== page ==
Have you ever had an intense workout and about a day later, you woke up feeling like someone beat you throughout the night with a wooden bat? Or about 12 hours after a leg workout you felt like stealing a walker from a senior citizen? Sounds like a case of delayed onset muscle soreness, or â€śDOMSâ€ť in short. Now donâ€™t panic; you didnâ€™t do anything â€śdumâ€ť if youâ€™re experiencing DOMS. It comes with the wonderful world of exercise, so you donâ€™t have to hire a hit man for your trainer or make plans to detonate the local gym.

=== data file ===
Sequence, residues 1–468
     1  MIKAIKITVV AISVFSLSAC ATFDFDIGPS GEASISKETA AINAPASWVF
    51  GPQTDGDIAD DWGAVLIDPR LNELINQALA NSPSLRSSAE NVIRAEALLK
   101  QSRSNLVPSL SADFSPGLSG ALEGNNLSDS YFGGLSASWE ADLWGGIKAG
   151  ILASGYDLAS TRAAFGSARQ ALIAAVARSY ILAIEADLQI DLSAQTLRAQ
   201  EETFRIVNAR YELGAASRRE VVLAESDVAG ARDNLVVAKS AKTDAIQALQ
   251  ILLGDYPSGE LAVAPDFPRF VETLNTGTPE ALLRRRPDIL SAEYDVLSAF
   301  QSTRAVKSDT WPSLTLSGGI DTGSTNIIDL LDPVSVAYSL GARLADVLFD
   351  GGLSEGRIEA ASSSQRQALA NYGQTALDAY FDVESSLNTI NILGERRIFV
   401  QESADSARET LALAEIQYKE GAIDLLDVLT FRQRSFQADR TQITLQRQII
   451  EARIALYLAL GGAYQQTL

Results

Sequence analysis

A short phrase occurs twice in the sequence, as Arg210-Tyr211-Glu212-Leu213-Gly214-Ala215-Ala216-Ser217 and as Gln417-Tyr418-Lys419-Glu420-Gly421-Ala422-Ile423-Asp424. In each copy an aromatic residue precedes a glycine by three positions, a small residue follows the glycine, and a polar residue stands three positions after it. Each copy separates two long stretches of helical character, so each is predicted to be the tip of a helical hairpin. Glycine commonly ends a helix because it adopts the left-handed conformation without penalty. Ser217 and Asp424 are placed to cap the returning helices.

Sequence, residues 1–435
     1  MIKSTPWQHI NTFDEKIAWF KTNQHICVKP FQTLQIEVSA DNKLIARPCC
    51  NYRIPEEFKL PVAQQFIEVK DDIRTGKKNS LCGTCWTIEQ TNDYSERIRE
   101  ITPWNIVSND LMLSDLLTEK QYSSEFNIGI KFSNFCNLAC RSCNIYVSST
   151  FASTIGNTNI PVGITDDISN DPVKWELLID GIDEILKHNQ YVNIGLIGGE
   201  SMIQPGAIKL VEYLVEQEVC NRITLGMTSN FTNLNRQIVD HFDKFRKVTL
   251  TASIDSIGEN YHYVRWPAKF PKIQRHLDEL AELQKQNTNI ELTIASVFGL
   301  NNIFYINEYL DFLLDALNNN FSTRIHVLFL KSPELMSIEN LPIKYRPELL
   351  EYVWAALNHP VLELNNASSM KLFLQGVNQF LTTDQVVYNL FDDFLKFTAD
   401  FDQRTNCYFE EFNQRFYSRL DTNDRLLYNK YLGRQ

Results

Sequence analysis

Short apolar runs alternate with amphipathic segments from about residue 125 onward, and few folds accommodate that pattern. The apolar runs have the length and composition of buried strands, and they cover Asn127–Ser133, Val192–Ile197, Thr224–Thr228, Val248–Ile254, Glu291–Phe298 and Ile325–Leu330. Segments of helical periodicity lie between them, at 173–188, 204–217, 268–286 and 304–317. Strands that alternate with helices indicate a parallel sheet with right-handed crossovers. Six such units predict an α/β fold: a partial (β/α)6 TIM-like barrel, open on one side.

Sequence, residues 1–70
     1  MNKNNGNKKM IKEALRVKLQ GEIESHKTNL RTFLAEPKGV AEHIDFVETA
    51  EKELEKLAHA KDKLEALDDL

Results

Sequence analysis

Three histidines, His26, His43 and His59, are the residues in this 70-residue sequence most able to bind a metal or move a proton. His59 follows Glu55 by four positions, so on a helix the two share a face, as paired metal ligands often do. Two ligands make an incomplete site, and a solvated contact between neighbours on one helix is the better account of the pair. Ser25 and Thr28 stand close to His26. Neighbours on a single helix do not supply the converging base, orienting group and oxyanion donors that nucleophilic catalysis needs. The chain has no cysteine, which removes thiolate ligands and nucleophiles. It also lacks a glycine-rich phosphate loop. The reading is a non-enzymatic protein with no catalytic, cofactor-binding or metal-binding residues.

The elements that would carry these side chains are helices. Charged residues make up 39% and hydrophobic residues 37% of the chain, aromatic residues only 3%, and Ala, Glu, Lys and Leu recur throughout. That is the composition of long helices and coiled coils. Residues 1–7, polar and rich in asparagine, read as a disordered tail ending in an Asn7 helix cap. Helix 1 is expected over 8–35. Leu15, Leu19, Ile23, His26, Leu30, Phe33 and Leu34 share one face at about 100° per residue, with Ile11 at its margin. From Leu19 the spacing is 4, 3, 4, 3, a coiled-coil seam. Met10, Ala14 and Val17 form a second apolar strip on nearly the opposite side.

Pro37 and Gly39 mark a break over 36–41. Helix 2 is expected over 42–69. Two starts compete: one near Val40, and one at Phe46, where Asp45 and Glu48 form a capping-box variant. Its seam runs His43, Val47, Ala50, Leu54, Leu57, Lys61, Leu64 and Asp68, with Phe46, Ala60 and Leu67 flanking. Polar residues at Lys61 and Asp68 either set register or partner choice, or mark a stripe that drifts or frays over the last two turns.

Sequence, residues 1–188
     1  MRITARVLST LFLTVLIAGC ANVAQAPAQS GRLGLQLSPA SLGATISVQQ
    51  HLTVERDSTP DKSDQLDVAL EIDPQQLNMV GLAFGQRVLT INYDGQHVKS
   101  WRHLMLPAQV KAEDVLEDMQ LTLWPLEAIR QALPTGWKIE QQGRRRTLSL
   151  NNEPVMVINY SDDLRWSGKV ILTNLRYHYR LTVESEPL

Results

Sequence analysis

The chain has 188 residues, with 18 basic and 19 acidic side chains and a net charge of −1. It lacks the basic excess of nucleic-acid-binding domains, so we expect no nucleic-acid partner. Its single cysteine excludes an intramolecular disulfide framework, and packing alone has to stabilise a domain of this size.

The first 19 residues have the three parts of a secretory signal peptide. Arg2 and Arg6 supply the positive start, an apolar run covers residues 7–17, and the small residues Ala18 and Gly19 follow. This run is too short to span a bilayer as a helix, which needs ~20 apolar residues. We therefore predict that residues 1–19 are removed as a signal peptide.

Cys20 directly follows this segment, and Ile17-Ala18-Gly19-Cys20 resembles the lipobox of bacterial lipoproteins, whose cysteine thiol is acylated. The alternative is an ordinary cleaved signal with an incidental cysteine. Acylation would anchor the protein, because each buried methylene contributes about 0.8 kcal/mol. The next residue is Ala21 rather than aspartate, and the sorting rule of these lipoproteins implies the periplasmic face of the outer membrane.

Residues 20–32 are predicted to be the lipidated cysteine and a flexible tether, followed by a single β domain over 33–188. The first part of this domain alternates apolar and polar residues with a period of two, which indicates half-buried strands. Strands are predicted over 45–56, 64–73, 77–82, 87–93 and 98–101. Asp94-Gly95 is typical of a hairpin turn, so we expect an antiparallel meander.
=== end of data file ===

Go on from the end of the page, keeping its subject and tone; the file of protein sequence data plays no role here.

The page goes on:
This soreness is a result from pushing your muscles beyond whatâ€™s its used to. Novices or beginners can attest to that. Itâ€™s not the burn that you would feel during a set; that would be lactic acid. Neither is it the acute or sharp pain one gets with a muscle strain or sprain. Itâ€™s the â€śday after the workoutâ€ť pain, thatâ€™s caused by micro tears in the muscle from exercising. (Hence the word â€śdelayedâ€ť) This muscle discomfort is temporary, which eventually leads to stronger muscles and the ability to perform the same task better the next time around. For you nuts out there like me who want to increase the level of soreness after a workout, you can concentrate on eccentric contractions or negative repetitions. This is the phase of the exercise when you can slowly lower the weight or slowly lengthen the muscle. This causes more micro trauma to the muscle fibers than lifting the weight. Doesnâ€™t everyone want more micro trauma? Micro trauma for everyone! (Never mind me) This is no reason to be sadistic and punish yourself while working out in leather. Results from exercising come from rest. Give your ... Continue
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